USCIS announced the Entrepreneurs in Residence initiative at a meeting of the President’s Council on Jobs and Competitiveness in October 2011 and formally launched the initiative at a national stakeholder summit in Silicon Valley in February 2012. The initiative was spearheaded by USCIS, working in close coordination with the White House Office of Science and Technology Policy. USCIS was only the second Federal agency to embrace this tool for government innovation.
Reflecting on the last year, the EIR program has been a great success. By leveraging talent from the private sector and empowering government employees in an unprecedented way, the EIR initiative has proven to be an effective model to focus and address a critical challenge faced by government. In the coming months, USCIS intends to expand the EIR concept to a broader range of industries that it serves, including performing arts, health care, and information technology.
This webpage highlights the successes of the EIR program. We’ve also compiled a full report which details the evolution of EIR and measures its impact.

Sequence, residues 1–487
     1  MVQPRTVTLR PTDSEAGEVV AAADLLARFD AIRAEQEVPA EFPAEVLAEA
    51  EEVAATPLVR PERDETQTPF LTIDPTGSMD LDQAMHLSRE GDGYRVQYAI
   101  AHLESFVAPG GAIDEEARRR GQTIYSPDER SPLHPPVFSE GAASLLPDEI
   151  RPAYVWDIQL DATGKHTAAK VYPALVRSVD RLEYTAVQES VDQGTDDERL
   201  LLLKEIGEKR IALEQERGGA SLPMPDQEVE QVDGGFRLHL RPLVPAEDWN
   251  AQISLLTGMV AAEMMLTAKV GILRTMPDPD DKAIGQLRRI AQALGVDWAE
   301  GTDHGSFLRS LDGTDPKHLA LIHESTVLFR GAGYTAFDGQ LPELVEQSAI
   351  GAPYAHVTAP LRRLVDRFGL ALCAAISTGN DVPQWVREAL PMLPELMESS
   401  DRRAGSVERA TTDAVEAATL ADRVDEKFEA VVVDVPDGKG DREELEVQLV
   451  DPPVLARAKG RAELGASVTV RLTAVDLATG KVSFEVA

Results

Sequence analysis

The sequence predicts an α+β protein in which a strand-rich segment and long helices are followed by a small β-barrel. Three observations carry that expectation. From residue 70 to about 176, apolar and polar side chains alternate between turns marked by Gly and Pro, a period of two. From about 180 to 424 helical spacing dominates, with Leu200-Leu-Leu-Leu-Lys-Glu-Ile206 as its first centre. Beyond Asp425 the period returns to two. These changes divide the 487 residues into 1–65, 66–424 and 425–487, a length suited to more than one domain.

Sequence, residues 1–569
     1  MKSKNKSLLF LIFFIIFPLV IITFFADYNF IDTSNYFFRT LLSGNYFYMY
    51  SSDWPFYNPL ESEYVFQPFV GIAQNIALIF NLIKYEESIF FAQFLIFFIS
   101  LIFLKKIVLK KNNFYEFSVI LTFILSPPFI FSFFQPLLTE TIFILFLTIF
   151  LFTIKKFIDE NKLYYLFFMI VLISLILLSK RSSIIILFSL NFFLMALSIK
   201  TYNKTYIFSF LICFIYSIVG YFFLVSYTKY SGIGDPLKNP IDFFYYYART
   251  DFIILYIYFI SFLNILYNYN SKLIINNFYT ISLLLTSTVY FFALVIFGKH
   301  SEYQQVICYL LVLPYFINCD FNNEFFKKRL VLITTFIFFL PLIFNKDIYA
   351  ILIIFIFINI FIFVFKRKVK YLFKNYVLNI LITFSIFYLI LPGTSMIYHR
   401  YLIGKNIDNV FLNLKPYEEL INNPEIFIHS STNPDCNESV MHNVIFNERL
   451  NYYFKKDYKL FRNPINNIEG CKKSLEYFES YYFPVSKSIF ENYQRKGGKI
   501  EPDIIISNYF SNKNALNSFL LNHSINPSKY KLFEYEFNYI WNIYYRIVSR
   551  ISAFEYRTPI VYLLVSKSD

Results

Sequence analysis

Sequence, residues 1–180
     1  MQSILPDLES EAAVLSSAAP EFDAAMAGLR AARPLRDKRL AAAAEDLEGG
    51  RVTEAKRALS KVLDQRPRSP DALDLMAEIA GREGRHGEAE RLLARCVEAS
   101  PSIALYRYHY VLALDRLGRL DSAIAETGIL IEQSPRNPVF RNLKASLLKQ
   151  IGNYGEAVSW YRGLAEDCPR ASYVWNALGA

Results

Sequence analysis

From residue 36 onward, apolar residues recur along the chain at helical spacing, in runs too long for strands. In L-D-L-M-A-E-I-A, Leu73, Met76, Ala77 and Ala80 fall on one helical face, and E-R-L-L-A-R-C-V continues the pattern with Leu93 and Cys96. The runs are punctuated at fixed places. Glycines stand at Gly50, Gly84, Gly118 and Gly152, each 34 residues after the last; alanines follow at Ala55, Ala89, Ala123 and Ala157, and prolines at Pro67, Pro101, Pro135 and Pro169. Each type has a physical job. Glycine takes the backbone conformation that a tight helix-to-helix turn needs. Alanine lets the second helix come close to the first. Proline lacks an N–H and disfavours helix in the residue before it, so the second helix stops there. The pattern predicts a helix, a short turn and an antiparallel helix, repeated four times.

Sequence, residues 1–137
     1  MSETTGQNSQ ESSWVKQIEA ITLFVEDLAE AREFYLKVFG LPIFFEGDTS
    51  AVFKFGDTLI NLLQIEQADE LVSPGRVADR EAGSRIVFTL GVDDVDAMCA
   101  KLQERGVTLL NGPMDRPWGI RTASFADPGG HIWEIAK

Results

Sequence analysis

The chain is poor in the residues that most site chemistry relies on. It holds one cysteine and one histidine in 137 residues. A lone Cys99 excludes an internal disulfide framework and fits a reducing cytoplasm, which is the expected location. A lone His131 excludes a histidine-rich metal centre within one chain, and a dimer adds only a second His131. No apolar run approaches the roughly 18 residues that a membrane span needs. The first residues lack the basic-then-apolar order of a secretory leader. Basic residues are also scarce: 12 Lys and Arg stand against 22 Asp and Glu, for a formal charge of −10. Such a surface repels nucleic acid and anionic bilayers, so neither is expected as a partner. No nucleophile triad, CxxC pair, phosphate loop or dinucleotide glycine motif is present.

How it worked
USCIS recruited both startup experts from the private sector, using DHS’s Loaned Executive Program, and internal immigration experts from across the agency. Working within the framework of current immigration law, the team set out with the overarching goal of optimizing existing visa categories used by entrepreneurs to provide pathways that are clear, consistent, and aligned with business realities.
The USCIS EIR effort began as a 90-day sprint focused solely on nonimmigrant visa categories. To build on the initial successes achieved, the team volunteered to continue its work and recruited new internal experts to expand the focus of the project to relevant immigrant visa categories. Over the course of a year, the EIR team convened on a regular basis at USCIS headquarters in Washington, D.C., service centers in California, Vermont, Texas, and Nebraska, and at stakeholder engagements around the country.
What it did